A long long time ago (roughly 1973) a Eureka native named Eric Hollenbeck set out to found a salvage logging company with 3 partners and a $300 bank loan. With those $300 they purchased a used chainsaw, a set of chokers, half a tank of gas, and a little blue truck that they dubbed Ophelia Bumps. Eric (a forest veteran from the age of 15) had an immense amount of respect for the natural habitat, and this fledgling logging company soon got a reputation for having one of the cleanest environmental records in Northern California. It was so clean in fact that they soon got the contract to do salvage logging for the state park service around Humboldt.
(At Right): Eric Hollenbeck and crew load logs onto Ophelia Bumps using a makeshift loader in this 1970s era photo of Blue Ox Logging Company.
A Salvaged Home
For three years, the boys rented the old North Mountain Power Company building for $50 a month in order to store their truck and cables. Built in 1904, the building had been one of the first power plants in Humboldt County and had later taken turns as a trolley station, a shipwright's building, and even a dune buggy factory. By 1973 it was completely condemned. To make matters worse, the property was flooded four months out of the year. But the bank offered 100% financing (a deal no salvage logger could refuse). Blue Ox bought the property with payments of $600 a month and the stipulation that they make one noticeable improvement to the property per month.
(At Left): The Blue Ox Logging Company moved into the previously condemned North Mountain Logging Company building next to Humboldt Bay.
When the housing crash hit in the early seventies, the bottom dropped out of the timber industry. Overnight, many of the mills in Humboldt County closed their doors and refused to take in more logs. Eric and his new wife Viviana decided to dedicate their energies toward manufacturing, and began turning out prefabricated sheds. Between building sheds and turning their old salvage logs into fence posts, Blue Ox was one of the few timber related companies to survive the crash. By this point, Eric's other partners had gone their separate ways and Eric and Viviana moved forward bravely into the world of manufacturing.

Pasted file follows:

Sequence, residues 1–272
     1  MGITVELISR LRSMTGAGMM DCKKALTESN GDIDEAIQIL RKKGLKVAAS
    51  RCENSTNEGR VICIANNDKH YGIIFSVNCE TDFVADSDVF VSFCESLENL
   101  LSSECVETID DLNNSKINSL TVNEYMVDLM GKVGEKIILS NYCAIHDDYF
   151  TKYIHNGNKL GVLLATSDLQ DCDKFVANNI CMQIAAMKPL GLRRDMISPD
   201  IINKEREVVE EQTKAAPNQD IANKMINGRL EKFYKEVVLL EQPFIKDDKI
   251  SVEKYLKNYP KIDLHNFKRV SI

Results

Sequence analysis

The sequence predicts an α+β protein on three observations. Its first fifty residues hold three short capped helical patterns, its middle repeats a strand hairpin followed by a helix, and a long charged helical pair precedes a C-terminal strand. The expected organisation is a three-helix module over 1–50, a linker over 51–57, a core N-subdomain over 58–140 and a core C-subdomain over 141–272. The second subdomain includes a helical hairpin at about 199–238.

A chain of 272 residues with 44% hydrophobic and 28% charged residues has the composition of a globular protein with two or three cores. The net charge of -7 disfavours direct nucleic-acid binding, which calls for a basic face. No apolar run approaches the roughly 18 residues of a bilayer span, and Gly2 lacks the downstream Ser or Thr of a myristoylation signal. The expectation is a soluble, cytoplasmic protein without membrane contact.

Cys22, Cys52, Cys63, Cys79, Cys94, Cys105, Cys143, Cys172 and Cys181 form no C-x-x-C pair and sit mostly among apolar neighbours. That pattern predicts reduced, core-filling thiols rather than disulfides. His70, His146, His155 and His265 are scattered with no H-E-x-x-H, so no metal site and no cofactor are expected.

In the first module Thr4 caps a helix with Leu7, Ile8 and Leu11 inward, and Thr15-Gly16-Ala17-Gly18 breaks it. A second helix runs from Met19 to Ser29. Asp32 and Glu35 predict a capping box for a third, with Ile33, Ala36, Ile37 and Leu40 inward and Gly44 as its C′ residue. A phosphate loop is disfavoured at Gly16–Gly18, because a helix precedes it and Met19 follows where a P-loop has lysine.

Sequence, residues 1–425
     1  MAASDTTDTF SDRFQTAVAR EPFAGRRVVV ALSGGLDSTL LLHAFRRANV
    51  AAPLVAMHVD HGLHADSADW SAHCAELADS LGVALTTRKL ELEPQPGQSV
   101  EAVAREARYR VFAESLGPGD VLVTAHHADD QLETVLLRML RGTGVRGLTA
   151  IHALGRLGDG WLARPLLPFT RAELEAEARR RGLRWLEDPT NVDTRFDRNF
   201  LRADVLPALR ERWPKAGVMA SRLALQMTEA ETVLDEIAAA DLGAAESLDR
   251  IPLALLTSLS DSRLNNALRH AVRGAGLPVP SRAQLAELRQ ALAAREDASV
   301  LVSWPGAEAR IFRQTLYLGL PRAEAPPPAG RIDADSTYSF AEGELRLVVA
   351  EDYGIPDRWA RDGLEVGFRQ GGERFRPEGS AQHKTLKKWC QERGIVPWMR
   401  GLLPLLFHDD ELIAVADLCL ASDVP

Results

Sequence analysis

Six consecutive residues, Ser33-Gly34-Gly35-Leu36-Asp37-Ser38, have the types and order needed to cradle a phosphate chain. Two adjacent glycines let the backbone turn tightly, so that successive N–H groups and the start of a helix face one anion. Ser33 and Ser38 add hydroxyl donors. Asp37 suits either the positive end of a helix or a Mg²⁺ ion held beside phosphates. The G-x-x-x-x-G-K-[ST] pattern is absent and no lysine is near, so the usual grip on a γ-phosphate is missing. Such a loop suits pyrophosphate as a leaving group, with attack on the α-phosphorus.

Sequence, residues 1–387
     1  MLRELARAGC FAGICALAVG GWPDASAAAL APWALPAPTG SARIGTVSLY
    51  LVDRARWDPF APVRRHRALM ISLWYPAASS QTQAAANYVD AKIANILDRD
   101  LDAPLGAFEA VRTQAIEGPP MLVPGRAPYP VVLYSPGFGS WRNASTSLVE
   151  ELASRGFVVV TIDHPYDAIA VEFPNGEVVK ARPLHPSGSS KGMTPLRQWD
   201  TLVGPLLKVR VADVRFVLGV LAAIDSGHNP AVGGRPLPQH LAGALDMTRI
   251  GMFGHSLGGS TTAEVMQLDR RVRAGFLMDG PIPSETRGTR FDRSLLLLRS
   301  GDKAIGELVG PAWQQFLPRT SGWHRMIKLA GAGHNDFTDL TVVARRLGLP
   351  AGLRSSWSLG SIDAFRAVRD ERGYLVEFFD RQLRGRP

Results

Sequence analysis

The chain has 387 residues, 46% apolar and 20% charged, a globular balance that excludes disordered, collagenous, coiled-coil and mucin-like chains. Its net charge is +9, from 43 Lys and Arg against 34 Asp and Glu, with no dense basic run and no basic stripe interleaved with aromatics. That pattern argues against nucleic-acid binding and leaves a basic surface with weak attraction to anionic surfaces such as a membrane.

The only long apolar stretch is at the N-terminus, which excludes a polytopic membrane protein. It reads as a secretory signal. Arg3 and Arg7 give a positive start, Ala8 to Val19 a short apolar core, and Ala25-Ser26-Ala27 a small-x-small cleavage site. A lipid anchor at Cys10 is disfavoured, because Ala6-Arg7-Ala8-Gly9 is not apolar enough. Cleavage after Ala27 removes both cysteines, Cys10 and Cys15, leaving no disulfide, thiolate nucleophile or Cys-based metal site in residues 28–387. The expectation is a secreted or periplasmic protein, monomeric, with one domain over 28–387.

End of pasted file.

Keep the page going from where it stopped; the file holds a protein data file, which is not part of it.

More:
(At Right): 1970s era photo of a prefabricated shed built by Blue Ox during the housing crash. With the help of these sheds, Blue Ox survived the housing crash and began turning their attention toward custom millwork.
As the other mills in Humboldt County began to close down, Eric went through their "bone piles" collecting antique equipment for the construction of his own Victorian era mill. He wanted to preserve for future generations a piece of American history that was about to be lost, but more importantly he wanted to have a way to cut up his logs! Blue Ox soon housed one of the last functioning 52 inch circular sawmills left in operation . With the introduction of their 1905 Orton single sided planer, they were turning out quality finished lumber.
The Touch of a Craftsman
As more and more older tools entered into the Blue Ox family, it became very clear that there was something special being built in that old building beside Humboldt Bay. Now our tool family has expanded to include almost all of the Victorian era trades, but we still specialize in the same things that got us here, quality woodworking and a respect for our environment. Whether it's running gutter on our 1902 four-sided molder, or cutting that perfect piece of gingerbread on an 1886 treadle-powered scroll saw, Blue Ox treats every piece of wood that comes through our shop with the love and respect to which it is entitled. That love is apparent in all of our products.